Topic: "Encapsulation is the division of a program into distinct components which have limited interaction."
Every book on OOP mentions (and tries to explain) the three magic words 'encapsulation', 'polymorphism', and 'inheritance'.
The definition on p. 5 is the clearest I have seen yet:
Encapsulation is the division of a program into distinct components which have limited interaction.
Substitute 'system' for 'program' and we have a more general definition.
Can we think of examples of encapsulation not involving software?
Information hiding is intimately related to encapsulation, but slightly different. What is it?
"Information hiding enforces encapsulation." (p. 6)
I.e., information hiding is the encapsulation police.
Just as we could have a rule for drivers that you must stop for a red light (corresponding to encapsulation), we could take two attitudes towards how to make this work. We could just rely on everyone's good will and trust them to stop at red lights. Or we could hire a police force and have them catch people who drive through red lights.
Or you could have a rule that only designated people are to go into the room that says "authorized personnel only." And you could either trust people to obey the rule, or you lock the room and hire guards to protect it.
Likewise in software encapsulation. We can write encapsulated programs using Python classes. And as long as we honor the intended encapsulation, everything is fine. But Python does not enforce encapsulation (much). Any programmer is free to reach into the inner workings of a class.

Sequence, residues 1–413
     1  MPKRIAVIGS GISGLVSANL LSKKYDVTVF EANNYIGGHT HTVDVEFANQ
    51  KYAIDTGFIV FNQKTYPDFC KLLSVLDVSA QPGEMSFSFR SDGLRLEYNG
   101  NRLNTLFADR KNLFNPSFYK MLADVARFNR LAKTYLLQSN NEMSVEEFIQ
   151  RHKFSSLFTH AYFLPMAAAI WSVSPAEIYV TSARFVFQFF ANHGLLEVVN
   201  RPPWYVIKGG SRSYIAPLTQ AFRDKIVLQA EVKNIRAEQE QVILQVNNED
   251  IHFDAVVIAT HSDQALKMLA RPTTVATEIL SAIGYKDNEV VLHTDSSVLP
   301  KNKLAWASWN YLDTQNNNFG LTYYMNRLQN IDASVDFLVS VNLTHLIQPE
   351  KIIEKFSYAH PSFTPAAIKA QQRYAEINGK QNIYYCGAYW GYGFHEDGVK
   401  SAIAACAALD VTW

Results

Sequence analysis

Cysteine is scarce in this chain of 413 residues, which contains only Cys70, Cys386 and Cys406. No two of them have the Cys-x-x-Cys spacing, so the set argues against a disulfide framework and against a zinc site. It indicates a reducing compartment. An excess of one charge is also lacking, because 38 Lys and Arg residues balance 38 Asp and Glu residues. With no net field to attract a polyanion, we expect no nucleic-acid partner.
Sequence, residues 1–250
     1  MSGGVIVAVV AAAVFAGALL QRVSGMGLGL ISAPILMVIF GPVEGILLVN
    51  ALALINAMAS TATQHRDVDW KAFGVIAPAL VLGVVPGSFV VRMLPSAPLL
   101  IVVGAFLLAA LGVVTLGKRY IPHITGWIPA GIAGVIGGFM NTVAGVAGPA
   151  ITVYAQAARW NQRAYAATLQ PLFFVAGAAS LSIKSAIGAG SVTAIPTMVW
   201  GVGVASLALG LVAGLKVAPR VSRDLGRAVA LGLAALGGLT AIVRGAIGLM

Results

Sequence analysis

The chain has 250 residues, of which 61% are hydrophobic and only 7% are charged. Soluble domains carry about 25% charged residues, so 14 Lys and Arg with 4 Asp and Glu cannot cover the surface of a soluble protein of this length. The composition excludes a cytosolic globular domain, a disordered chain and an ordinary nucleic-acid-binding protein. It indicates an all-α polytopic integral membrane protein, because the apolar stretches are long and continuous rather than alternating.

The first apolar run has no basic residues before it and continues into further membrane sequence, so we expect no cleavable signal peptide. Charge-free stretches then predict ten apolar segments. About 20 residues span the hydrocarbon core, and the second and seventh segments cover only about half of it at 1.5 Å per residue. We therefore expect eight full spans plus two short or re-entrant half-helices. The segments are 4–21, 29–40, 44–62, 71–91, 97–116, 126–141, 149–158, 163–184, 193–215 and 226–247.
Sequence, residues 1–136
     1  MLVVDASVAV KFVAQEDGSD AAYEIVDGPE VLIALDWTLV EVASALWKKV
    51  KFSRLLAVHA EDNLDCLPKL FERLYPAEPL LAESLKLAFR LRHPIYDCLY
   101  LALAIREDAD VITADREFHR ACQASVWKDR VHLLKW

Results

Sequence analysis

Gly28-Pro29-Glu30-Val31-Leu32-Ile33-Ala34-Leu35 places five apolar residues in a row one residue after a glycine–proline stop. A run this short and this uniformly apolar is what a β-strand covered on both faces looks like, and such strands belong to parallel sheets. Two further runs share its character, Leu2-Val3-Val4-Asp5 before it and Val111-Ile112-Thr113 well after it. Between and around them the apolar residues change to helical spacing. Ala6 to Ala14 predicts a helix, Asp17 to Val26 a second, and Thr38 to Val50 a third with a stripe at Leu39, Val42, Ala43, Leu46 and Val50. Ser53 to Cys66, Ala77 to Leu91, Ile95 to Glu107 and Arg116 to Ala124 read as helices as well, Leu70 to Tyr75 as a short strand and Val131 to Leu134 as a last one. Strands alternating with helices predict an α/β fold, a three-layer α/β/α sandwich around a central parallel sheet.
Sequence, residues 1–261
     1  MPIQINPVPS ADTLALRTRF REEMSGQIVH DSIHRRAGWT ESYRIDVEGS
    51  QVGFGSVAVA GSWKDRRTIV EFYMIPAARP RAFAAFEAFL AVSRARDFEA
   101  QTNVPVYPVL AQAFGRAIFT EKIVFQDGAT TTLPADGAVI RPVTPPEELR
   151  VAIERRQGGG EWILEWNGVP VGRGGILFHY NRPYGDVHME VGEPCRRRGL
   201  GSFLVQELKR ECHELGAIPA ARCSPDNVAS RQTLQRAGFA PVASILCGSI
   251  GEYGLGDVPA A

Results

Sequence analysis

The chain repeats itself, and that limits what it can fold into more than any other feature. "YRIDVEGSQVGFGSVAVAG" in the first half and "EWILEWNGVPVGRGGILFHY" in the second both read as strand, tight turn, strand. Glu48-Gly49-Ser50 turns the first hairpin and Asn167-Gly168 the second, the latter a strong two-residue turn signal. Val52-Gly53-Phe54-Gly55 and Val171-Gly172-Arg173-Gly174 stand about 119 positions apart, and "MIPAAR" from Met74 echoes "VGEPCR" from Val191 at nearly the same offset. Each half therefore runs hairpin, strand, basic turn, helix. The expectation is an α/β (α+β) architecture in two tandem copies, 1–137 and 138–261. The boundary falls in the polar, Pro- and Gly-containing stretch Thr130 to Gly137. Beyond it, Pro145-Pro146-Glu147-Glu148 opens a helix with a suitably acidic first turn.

Java on the other hand does provide encapsulation police, with two officers named private and protected. They stand at the doors of a class's internals and keep busybodies out.
So it is interesting that the designers of Python and Java had very different attitudes towards programmers. The Python view is that we can trust programmers to observe the conventions of encapsulation. The Java view is that we can't trust programmers.
Which do you believe? Or when do you believe one, and when the other?
Good programs are:
We study algorithms, which are not programs. Algorithms are the meanings of programs. Programs express algorithms in a particular programming language.
Encapsulation = "division of a program into distinct components which have limited interaction"
We frequently here that OOP = encapsulation + polymorphism + inheritance (see. p. 5), but does this really capture the essence of OOP?
Does encapsulation seem like a good idea?
Software engineering (p. 7): how to develop programs that are correct, efficient, general, in reasonable time.
The software development cycle (p. 7):
Design → implement → test → back to beginning
Alternative design strategies:
Discussion: pp. 8–9, Exercises 1.1–1.5
Distinguish between classes and instances
Distinguish between fields, methods, and constructors
What are the default initial values of Java fields?
What are the default initial values of local variables in Java methods?
What are static fields and methods?
What are private and public?
What are accessors and mutators (a.k.a. getters and setters)? Why do we use them?
Incremental development principle (p. 13, top): test early and often, attribute errors to recent changes, incremental change.
Develop incrementally in the classroom: a Java class representing a bank savings account. The account should have an account number and a balance. Define a constructor. Define an accessor but not a mutator for account number (which should be immutable). Define an accessor and mutator for balance—or should we do better and define withdraw and deposit methods? Incrementally define a main method for testing.
Form of assertion:
assert <booleanexpr>: "<message>";
java -ea MyClass
Continuing the bank savings account class, add an assertion such as that balance ≥ 0, run with assertions enabled and test.